Highlights from recent stories about Temple in the media
Temple Theater faculty member’s new play tackles aggression among girls
Odd Girl Out, a world-premiere play created by Associate Dean of the Division of Theater, Film and Media Arts Doug Wager, was the subject of a feature story on the front page of the Inquirer’s “Local” section. (The online version includes a photo gallery.) Wager plunged into the hidden culture of aggression among girls after his daughter was cyberbullied two years ago. Odd Girl Out includes verbatim material gathered in research conducted by the play’s student cast. “It’s what you strive for as an artist,” Wager told theater majors during a class. “When do the head and the heart meet? When are you healing yourself in the process of healing others?” The all-female cast had many painful memories to draw on. “To this day, [being bullied] hurts me,” said junior Anna Snapp, “and it hurts me every day.”
Philadelphia Inquirer | April 23, 2014
Tharps joins NPR’s Morning Edition to discuss Army’s new hair policies
The U.S. Army is banning some hairstyles popular among African-American women. The stated goal is professionalism, but some soldiers and even members of the Congressional Black Caucus are upset. To understand what’s behind the stir, David Greene of Morning Edition spoke to Temple’s Lori Tharps, author of Hair Story: Untangling the Roots of Black Hair in America. “The policy does not take into consideration the history and culture, as well as the … biological makeup of black hair and what it requires,” Tharps said. “They have effectively deemed inappropriate some of the most effective and popular hairstyles that many of these women wear.”
National Public Radio | April 21, 2014
Student loans after a divorce? Temple Law professor’s advice in Wall Street Journal
For many couples, marriage means taking on a spouse’s student loans. That debt can lead to surprises for those who end up divorcing. In some jurisdictions, a professional degree earned during the marriage can be considered marital property, says Rachel Rebouché, who teaches family law in Temple’s Beasley School of Law. Degree earners may have to compensate a spouse for supporting his or her educational pursuits. Support for a spouse could mean time spent cooking meals, driving the degree earner to campus or even delaying one’s own educational pursuits, Rebouché told The Wall Street Journal. In some cases, she says, courts have awarded more property to the supporter to offset the value of a partner’s degree.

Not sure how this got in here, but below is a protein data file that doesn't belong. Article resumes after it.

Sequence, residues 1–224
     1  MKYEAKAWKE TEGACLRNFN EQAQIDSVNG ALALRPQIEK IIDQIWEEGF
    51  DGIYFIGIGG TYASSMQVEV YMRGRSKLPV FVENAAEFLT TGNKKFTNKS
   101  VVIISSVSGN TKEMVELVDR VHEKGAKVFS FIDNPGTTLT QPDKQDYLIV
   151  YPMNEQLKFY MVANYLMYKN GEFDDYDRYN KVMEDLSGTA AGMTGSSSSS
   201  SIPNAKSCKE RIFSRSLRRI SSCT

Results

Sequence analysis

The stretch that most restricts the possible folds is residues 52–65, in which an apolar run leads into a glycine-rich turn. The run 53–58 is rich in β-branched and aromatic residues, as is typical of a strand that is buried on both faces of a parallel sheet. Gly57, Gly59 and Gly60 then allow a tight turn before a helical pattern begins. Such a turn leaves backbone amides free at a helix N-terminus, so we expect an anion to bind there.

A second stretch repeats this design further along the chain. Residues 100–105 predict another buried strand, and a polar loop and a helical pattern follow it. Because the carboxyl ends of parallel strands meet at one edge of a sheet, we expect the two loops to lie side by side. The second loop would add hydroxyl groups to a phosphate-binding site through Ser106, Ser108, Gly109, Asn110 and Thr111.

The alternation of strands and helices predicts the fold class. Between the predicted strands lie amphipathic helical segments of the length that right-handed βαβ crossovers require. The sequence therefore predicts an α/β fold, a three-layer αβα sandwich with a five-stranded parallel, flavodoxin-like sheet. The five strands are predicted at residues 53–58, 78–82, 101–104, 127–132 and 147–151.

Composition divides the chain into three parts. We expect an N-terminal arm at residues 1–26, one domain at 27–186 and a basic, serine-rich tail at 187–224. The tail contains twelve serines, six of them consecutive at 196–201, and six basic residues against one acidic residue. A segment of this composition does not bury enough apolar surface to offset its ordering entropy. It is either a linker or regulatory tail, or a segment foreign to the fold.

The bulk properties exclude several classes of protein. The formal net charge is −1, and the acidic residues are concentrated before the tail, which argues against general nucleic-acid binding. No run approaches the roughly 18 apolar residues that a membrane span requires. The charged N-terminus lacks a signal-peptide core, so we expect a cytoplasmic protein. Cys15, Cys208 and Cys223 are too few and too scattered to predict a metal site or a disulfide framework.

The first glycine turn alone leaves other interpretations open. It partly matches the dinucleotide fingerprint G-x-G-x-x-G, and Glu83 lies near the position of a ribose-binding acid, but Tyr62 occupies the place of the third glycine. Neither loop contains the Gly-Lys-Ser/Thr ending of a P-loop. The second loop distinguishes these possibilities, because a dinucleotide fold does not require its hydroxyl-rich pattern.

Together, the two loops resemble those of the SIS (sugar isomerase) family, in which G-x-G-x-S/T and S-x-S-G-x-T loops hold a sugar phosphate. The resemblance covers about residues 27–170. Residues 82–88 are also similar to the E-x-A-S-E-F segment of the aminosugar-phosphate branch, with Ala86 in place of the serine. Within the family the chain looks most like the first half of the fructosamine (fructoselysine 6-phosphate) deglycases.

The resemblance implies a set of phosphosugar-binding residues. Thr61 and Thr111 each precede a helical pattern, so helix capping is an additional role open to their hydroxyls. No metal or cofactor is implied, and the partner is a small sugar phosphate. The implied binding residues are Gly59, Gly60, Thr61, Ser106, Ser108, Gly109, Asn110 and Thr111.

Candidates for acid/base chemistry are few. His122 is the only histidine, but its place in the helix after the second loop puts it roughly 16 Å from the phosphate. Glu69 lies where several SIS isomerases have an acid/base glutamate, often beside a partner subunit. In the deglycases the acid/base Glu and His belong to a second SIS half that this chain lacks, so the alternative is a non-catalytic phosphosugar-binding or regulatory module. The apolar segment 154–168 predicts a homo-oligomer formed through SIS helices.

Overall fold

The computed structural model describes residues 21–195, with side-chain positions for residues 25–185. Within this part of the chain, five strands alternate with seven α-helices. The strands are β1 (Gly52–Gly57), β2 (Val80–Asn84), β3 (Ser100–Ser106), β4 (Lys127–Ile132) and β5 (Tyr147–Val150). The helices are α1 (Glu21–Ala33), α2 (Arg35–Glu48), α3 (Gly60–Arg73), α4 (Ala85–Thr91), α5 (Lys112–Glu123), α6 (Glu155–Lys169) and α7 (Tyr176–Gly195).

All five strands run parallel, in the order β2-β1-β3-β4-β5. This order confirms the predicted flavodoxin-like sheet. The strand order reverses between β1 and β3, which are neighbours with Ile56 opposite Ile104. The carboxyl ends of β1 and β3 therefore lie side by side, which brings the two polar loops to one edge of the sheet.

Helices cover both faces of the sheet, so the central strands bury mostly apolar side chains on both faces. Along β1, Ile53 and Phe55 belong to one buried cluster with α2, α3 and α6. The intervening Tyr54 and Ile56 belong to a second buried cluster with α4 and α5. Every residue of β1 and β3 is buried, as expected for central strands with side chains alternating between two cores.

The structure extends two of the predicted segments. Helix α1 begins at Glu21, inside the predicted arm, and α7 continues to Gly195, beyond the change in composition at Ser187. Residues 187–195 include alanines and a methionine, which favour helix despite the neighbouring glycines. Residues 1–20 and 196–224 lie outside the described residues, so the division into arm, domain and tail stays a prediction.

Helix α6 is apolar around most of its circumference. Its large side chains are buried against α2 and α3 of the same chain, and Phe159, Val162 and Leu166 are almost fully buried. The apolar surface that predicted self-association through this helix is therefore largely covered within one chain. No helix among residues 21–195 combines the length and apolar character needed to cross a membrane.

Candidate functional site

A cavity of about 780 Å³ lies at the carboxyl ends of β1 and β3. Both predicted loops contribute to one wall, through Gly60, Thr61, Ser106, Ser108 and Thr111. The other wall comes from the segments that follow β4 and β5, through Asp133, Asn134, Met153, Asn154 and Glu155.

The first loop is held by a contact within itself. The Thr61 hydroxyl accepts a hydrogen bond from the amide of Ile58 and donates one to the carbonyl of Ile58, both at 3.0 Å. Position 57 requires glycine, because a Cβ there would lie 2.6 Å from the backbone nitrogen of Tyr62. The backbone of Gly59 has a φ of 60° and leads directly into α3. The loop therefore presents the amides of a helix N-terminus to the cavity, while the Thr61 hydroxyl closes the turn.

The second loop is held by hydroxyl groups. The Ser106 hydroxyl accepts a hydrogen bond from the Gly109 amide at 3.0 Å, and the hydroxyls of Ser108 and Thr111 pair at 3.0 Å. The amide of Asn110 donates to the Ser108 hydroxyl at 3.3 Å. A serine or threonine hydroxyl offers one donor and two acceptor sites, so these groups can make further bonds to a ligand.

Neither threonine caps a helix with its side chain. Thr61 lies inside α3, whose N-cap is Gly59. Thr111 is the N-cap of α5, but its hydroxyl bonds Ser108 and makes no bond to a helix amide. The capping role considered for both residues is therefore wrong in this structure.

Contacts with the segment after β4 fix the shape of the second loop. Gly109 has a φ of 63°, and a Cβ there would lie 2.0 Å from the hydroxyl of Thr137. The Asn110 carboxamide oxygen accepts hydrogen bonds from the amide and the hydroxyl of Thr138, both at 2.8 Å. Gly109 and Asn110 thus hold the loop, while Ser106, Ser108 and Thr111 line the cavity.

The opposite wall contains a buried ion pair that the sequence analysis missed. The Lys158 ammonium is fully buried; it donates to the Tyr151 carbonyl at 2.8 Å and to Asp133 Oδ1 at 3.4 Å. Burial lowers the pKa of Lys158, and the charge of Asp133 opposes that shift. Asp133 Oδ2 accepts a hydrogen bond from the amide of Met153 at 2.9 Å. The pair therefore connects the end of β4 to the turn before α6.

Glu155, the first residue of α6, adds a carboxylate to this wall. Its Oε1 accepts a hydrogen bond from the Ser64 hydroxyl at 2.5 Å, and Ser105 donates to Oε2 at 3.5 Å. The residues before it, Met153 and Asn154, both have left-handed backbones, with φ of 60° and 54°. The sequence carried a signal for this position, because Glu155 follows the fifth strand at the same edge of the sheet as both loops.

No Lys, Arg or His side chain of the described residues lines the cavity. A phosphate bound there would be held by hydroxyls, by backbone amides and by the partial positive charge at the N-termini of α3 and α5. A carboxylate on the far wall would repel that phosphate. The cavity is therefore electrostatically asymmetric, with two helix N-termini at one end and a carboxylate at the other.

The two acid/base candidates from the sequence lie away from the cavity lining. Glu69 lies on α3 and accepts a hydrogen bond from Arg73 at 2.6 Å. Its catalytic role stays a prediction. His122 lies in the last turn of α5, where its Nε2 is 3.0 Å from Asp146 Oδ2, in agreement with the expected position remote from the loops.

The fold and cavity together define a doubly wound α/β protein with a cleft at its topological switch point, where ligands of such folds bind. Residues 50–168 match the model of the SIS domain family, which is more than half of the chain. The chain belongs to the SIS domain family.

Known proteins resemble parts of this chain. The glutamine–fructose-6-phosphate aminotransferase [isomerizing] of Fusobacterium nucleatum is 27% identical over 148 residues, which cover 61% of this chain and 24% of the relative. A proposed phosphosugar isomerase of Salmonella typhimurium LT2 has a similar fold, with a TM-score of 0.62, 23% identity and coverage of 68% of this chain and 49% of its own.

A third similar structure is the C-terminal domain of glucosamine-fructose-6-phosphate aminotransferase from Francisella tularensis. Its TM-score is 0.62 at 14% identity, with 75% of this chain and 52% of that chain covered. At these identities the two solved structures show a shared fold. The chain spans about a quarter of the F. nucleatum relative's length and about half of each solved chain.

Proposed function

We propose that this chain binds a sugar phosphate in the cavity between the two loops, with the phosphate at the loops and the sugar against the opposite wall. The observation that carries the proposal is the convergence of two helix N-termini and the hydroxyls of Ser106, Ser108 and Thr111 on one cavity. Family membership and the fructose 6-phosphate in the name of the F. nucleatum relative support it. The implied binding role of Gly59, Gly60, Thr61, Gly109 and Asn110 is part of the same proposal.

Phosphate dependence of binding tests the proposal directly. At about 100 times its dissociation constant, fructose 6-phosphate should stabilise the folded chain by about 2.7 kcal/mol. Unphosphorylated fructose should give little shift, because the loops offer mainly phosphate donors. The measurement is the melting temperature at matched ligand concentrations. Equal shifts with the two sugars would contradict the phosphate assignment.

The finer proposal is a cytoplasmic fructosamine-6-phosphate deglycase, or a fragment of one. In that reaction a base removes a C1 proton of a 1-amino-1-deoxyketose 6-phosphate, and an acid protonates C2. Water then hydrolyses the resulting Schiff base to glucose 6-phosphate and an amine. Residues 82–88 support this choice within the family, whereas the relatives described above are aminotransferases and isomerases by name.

Wall Street Journal | April 13, 2014
Podiatry’s Palamarchuk and his students return to Boston Marathon
When the Boston Marathon started on Monday, Howard Palamarchuk of Temple’s School of Podiatric Medicine was there, in a tent just beyond the finish line. For the past 29 years, he has taken 10 to 12 students of podiatric medicine to Boston. “These are the students who’ve given a hard four years of work. It’s like a road trip for them. They have fun,” he said. After runners finish the race, they can take a detour into the tent to get checked and treated, if necessary. But last year, bombs turned the tent into a trauma center. Matthew Rementer, one of the Temple students, remembers “everyone coming together; how well everyone functioned in that tent … The trauma surgeons and ER doctors helped lead the treatment while everyone stayed calm and just did what they had been trained to do.”
Comcast SportsNet, Philadelphia Inquirer, NBC10 | April 20-22, 2014
How to future-proof news apps: SMC faculty member’s column at PBS’ MediaShift